Pristine Grace

The New Covenant
Essay 06
Jesus Christ: The New Tabernacle
by Bob Higby

The New Covenant

"Our fathers had the tabernacle of witness in the wilderness, as he had appointed, speaking unto Moses, that he should make it according to the fashion that he had seen. Which also our fathers that came after brought in with Jesus into the possession of the Gentiles, whom God drave out before the face of our fathers, unto the days of David; who found favour before God, and desired to find a tabernacle for the God of Jacob. But Solomon built him an house. Howbeit the most High dwelleth not in temples made with hands; as saith the prophet, heaven is my throne, and earth is my footstool: what house will ye build me? saith the Lord: or what is the place of my rest? Hath not my hand made all these things? Ye stiffnecked and uncircumcised in heart and ears, ye do always resist the Holy Ghost: as your fathers did, so do ye. Which of the prophets have not your fathers persecuted? and they have slain them which shewed before of the coming of the Just One; of whom ye have been now the betrayers and murderers: who have received the law by the disposition of angels, and have not kept it. When they heard these things, they were cut to the heart, and they gnashed on him with their teeth . . . then they cried out with a loud voice, and stopped their ears, and ran upon him with one accord, and cast him out of the city, and stoned him." Acts 7:44-58 KJV

"Now the first covenant had regulations for worship and also an earthly sanctuary. . . . When Christ came as high priest of the good things that are already here, he went through the greater and more perfect tabernacle that is not man-made, that is to say, not a part of this creation. . . . For this reason Christ is the mediator of a new covenant, that those who are called may receive the promised eternal inheritance--now that he has died as a ransom to set them free from the sins committed under the first covenant." Heb. 9:1,11,15 NIV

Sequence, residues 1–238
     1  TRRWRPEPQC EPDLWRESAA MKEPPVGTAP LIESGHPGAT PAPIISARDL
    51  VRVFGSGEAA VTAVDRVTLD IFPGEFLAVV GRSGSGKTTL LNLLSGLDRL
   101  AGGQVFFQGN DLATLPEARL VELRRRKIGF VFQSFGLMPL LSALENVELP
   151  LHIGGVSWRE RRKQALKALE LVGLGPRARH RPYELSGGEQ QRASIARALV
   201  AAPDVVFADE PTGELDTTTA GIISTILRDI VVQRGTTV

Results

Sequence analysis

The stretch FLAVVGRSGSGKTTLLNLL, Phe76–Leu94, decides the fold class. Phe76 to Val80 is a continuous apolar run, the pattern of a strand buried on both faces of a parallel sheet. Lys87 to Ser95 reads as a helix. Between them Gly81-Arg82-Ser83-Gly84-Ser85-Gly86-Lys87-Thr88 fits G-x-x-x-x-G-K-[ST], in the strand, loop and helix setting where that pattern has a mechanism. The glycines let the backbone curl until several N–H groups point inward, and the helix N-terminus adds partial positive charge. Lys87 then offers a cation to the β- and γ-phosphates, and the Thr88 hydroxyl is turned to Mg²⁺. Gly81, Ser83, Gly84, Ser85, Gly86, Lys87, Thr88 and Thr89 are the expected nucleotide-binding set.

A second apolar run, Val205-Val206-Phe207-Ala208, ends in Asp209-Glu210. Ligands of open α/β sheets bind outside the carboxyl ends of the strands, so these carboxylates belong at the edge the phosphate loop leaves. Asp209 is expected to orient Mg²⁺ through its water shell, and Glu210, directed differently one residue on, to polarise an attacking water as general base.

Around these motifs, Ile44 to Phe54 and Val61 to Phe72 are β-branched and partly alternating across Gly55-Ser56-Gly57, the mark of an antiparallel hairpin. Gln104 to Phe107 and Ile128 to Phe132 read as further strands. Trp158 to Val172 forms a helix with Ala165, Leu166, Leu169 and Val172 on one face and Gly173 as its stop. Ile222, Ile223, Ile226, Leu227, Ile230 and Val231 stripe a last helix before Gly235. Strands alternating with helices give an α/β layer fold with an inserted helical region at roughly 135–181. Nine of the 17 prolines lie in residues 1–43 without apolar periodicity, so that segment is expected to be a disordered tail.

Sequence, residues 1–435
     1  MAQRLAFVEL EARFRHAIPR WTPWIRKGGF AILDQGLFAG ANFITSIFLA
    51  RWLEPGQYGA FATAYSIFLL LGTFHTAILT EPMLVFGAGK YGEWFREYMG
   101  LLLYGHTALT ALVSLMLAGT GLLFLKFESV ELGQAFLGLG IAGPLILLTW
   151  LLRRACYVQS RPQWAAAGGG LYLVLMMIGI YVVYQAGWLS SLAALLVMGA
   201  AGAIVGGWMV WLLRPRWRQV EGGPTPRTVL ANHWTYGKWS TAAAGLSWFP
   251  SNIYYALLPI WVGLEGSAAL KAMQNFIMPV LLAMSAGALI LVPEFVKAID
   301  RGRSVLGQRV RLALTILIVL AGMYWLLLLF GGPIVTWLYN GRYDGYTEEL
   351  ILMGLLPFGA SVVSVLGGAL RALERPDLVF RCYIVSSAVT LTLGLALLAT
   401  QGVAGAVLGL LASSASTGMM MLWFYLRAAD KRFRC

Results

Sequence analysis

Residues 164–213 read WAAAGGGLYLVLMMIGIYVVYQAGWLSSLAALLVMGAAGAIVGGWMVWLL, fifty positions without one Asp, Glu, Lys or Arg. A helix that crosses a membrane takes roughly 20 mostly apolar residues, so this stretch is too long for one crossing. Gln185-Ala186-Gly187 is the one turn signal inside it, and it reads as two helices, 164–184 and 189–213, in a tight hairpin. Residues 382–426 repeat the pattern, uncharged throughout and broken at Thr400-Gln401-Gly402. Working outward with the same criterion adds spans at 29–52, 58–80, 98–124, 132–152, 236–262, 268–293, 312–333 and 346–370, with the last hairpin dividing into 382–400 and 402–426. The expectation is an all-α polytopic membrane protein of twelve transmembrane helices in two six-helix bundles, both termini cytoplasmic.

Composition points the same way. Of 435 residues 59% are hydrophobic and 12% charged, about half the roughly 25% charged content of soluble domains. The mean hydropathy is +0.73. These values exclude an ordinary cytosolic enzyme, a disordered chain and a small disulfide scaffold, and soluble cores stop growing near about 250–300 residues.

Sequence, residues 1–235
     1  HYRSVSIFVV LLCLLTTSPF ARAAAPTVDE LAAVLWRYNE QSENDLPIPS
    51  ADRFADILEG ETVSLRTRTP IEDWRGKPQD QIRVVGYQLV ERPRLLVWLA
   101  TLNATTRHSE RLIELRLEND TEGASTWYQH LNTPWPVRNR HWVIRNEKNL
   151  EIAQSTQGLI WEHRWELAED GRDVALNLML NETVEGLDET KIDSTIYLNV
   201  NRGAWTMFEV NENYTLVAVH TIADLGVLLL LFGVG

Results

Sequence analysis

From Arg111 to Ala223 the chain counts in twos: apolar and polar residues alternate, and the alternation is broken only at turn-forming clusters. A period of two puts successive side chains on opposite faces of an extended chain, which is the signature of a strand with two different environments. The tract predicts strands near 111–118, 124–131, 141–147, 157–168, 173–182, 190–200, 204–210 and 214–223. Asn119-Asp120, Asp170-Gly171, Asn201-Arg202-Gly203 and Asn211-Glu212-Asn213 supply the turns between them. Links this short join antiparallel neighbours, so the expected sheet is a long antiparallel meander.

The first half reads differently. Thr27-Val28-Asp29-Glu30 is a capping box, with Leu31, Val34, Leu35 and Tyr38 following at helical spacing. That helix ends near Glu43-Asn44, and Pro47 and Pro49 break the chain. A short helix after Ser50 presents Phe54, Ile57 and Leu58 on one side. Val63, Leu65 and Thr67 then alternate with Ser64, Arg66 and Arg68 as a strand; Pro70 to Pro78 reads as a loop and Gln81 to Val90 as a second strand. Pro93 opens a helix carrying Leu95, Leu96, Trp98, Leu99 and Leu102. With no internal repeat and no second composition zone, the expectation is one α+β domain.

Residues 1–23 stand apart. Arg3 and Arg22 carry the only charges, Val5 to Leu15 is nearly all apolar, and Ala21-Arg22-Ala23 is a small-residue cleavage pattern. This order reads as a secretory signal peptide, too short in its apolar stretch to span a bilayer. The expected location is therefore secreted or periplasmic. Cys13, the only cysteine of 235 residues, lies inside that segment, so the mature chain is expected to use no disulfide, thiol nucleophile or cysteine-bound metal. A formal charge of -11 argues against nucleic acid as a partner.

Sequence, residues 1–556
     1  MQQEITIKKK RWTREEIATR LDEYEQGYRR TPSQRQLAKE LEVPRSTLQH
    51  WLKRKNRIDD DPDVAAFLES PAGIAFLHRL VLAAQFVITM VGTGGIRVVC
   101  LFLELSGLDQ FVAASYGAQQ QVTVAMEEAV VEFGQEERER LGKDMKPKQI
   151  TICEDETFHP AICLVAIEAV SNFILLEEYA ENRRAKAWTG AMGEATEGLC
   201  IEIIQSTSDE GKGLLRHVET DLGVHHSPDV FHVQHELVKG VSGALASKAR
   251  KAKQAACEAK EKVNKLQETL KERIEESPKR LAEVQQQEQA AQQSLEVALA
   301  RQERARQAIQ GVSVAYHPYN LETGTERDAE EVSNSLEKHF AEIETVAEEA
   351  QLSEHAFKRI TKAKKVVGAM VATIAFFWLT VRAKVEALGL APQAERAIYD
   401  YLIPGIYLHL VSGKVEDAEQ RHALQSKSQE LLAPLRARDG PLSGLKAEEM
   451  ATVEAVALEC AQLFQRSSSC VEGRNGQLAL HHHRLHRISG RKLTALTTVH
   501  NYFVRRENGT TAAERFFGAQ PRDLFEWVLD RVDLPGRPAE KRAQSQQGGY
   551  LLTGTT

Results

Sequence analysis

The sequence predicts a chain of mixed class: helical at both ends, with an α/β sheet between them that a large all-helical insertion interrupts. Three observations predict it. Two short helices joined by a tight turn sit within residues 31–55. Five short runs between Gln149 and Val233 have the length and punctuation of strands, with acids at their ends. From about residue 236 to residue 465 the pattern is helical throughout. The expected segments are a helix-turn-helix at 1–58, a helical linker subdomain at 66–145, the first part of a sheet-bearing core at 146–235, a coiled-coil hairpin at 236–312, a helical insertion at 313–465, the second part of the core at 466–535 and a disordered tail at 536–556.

"I did not see a temple in the city, because the Lord God Almighty and the Lamb are its temple." Rev. 21:22 NIV

"Don't you know that you yourselves are God's temple and that God's Spirit lives in you? If anyone destroys God's temple, God will destroy him; for God's temple is sacred, and you are that temple." 1 Cor. 3:16,17 NIV

"Consequently, you are no longer foreigners and aliens, but fellow citizens with God's people and members of God's household, built on the foundation of the apostles and prophets, with Christ Jesus himself as the chief cornerstone. In him the whole building is joined together and rises to become a holy temple in the Lord." Eph. 2:20,21 NIV

     So far we have looked at two entities of the former covenant that men have continually tried to inject into the new:

  1. Sabbatarianism (either 1st or 7th day)
     
  2. Water baptism for the remission of sins (a 'new' covenant of circumcision)

     The next issue is this: how important is a building in the new covenant? Do we need to be concerned for building and reverencing 'God's house' like David and Solomon? The above scriptures give a clear answer to this question: absolutely not. In spite of this, all of Christian history is saturated with admonition on the requirement to build a house for God. We have great competition in the world as to which sect can build the most awesome temples. Is it Buddhists, Mormons, Jews, Muslims, or Christians? The sad fact is that Christians have often been the primary cause of such vanity.

     The requirement to build a tabernacle was a part of the 'first covenant' (Sinai). But it is abolished in the New covenant. The following entities are all called God's 'house' in the dispensation of grace:

  1. Heaven itself (the 'other' creation).
     
  2. The Earth (God's footstool).
     
  3. The Lord God Almighty.
     
  4. The Lamb.
     
  5. The new people of God joined to Christ.